03/11/15 – From February 16-28, 2015, the Justice in Mexico program based at the University of San Diego’s Department of Political Science and International Relations hosted the first training of the project Oral Adversarial Skill-Building Immersion Seminar (OASIS), at the Law School of the National Autonomous University of Mexico (Universidad Nacional Autónoma de México, UNAM) in Mexico City. The inauguration of the training program on February 16 included the participation of Alfonso Del Valle, Rule of Law Program Coordinator, International Narcotics and Law Enforcement, U.S. State Department, Dra. Ma Leoba Castañeda Rivas, Dean of the Law School at UNAM, Dra. María de los Ángeles Fromow, Assistant Secretary for Implementation of the New Criminal Justice System (Secretaría Técnica del Consejo de Coordinación para la Implementación del Sistema de Justicia Penal, SETEC) Dr. Rodrigo Archundia Barrientos, Assistant Attorney General, Regional Control, Criminal Procedures and Injunctions, Mexican Attorney General’s Office, (Procuraduría General de la República, PGR), Carlos Barragán Salvatierra, UNAM Law Professor and Director of the Criminal Law Seminar, and David Shirk, Director of Justice in Mexico.
The trainings involved a 40-hour course provided by U.S. trained attorneys, including Al Amado, Rachel Carey, Jesus Romero, Carlos Varela, Michael Mandig, Juan García de Acevedo, Peter Mitchell, Janice Deaton. The majority of instructors were U.S. nationals, but some Mexican nationals with substantial training experience were included to provide local perspective. This local perspective proved particularly valuable in adapting the course materials to Mexico’s New Criminal Justice System (Nuevo Sistema de Justicia Penal, NSJP) —especially the New Uniform Code of Criminal Procedure—and establishing rapport with participants.
The participants included over 80 UNAM law school professors and students who are learning how to use and teach oral litigation techniques (e.g., interrogatories, cross examination) in anticipation of the country’s switch to live court proceedings in 2016. The trainings took place in the evening to allow professors and students to attend after their daily activities.
The 40-hour course covered every aspect of oral trial skills and techniques and also introduced “train the trainer” techniques. During the first week, it focused on oral litigation skills and the second week, on ensuring that participants would be able to replicate aspects of the course, a process known as “Training the Trainers.” On the last day of the course, all 80 participants participated in a “mock trial.” They got to experience a trial from start to finish, with the OASIS instructors serving as the judge in a case of alleged domestic violence. Following the mock trial, the participants and instructors met for a final plenary session where they shared an open exchange of ideas, reflections on the importance of the course, and a discussion of the course’s impact on their impressions of the overall judicial reform.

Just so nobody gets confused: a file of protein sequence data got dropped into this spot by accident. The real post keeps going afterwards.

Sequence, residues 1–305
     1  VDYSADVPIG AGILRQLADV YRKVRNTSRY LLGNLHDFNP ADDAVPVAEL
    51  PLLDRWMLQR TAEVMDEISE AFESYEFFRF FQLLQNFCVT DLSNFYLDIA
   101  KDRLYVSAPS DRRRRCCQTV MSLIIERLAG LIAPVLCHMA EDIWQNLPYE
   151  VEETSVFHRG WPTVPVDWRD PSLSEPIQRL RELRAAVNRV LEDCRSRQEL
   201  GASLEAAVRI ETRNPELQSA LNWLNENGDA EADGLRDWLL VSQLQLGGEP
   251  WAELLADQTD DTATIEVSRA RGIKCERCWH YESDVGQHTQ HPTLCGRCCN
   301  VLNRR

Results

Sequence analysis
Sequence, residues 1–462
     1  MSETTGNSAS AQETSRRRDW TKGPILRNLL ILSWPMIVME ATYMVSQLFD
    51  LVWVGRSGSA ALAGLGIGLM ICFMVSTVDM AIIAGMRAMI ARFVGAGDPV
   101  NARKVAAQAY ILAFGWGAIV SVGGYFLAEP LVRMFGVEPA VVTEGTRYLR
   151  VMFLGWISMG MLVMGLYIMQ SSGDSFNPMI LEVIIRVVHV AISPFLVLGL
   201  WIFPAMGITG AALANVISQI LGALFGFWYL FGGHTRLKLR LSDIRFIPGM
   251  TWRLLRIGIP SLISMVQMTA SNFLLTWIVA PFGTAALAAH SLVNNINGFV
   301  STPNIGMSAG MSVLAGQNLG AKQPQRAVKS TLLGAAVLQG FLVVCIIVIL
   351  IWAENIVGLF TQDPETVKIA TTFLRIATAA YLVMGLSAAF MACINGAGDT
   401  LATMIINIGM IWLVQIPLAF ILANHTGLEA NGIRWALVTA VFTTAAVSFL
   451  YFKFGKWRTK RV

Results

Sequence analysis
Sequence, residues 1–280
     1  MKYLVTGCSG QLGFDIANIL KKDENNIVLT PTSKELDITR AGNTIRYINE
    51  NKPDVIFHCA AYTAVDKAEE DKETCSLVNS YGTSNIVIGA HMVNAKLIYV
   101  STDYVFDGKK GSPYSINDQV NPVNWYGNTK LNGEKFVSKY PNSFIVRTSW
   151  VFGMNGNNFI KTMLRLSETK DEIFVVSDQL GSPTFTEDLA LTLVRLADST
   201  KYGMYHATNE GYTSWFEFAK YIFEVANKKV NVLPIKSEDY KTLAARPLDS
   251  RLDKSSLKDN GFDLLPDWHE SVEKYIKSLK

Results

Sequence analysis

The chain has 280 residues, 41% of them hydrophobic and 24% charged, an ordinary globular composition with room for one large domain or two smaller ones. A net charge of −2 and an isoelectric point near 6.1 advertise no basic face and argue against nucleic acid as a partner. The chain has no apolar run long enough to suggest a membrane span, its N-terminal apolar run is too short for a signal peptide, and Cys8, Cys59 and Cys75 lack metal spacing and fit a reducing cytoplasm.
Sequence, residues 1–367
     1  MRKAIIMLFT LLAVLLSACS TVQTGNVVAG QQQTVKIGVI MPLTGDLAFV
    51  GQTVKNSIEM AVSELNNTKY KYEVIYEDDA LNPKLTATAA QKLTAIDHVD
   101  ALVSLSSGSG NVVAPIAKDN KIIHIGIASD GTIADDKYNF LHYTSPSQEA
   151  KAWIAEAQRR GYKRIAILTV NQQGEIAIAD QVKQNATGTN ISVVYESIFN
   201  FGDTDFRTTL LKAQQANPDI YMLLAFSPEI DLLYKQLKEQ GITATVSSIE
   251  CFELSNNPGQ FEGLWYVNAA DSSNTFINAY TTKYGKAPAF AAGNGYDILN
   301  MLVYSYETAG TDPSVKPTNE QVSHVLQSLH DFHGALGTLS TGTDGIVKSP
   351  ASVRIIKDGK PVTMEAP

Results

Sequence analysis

The OASIS program is coordinated by Justice in Mexico, a long-standing rule of law initiative based at the University of San Diego. The program is intended to provide trainings to advance the implementation of Mexico’s new criminal justice system. Its aim is to foster exchanges among U.S. and Mexican law professors and students in an effort to improve understanding and cooperation within the legal profession. The program will assist in Mexico’s transition to a new oral, adversarial and accusatory criminal justice system by helping to develop knowledge and skills in the development of statements, presentation of evidence at trial, and other oral advocacy skills. OASIS forms part of the Mérida Initiative, a multi-billion dollar effort by the U.S. government to cooperate with Mexico in combating crime and violence, promoting judicial reform, improving border security, and strengthening civil society.
To read more about the program, go to the OASIS website: www.justiceinmexico.org/oasis-program.